Friday, 30 January 2009

Mixed reaction to digital plans

Digital Britain, the publication by Lord Carter has been met with huge criticism from politicians and analysts alike. The report, an 86-page document on the future of UK broadband, internet regulation and public service broadcasting, has been described as "weak" and "bitterly disappointing". The public appears to have been looking forward to a document with a clear action plan for Britain’s' digital future, to provide the entire country with high speed internet and a gateway to improving our economy. The report "Digital Britain" highlights many areas in which the UK needs to improve its digital infrastructure to meet the technology demands of the next decade.

The introduction of digital television was one of the first steps taken into upgrading the nation’s infrastructure, but the increasing demand for Internet consumption has led to comparisons being made with other European countries and nations around the world. In Japan, for example, many new homes utilise fire optic technologies for running telephone, Internet and television connections which results in a better, faster service.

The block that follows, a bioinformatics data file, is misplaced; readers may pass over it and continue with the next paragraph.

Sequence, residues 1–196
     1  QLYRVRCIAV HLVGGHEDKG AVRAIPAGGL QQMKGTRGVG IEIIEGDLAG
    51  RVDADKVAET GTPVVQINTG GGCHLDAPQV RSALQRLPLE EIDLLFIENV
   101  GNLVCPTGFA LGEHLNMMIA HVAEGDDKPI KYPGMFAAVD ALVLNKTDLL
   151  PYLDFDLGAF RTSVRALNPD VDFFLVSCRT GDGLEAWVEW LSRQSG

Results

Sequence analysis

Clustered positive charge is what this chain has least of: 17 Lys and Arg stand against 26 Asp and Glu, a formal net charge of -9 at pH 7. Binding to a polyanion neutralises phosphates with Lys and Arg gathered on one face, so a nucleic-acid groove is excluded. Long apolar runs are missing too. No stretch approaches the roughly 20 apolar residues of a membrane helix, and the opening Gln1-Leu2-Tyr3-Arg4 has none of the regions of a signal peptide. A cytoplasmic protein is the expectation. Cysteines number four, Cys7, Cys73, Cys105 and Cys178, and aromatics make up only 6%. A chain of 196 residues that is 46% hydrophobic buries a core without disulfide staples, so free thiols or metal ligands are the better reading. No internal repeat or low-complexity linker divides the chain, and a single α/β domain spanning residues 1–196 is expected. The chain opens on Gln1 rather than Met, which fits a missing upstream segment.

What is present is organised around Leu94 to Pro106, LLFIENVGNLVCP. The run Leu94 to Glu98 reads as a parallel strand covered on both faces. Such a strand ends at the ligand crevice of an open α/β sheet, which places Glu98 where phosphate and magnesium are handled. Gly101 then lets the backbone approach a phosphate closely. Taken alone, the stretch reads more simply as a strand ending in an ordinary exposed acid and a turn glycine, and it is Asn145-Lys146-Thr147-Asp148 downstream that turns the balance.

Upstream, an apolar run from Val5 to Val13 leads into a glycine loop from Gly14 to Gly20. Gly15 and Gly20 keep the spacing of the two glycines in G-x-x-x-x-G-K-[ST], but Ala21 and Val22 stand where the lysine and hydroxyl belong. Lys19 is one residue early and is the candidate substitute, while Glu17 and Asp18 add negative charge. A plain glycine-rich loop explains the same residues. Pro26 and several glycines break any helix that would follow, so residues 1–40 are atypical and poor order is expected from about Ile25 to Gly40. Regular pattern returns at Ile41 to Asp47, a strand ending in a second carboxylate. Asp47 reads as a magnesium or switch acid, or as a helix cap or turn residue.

What does this mean for data centres? The future can only be positive for the industry as the world increases its reliance on the internet. Bigger connections will lead to increased use, and larger file sizes and as a result higher demand on public and private networks. Net books like the Eee PC and Mini Note have been designed specifically for Internet only use, and appear to be the future of computing if Google and Yahoo are to be believed. These companies along with the likes of Amazon are pushing the future of cloud computing which will require new data centres to be built, new servers being utilised and old data centres requiring a refit to become capable of handling these new technologies.

The new Digital Britain looks likely to feed a further increase in demand for data centres, both private (where storage requirements will continue to increase) and public (where increased reliance on the internet and the services provided will result in even heavier requirements than today).

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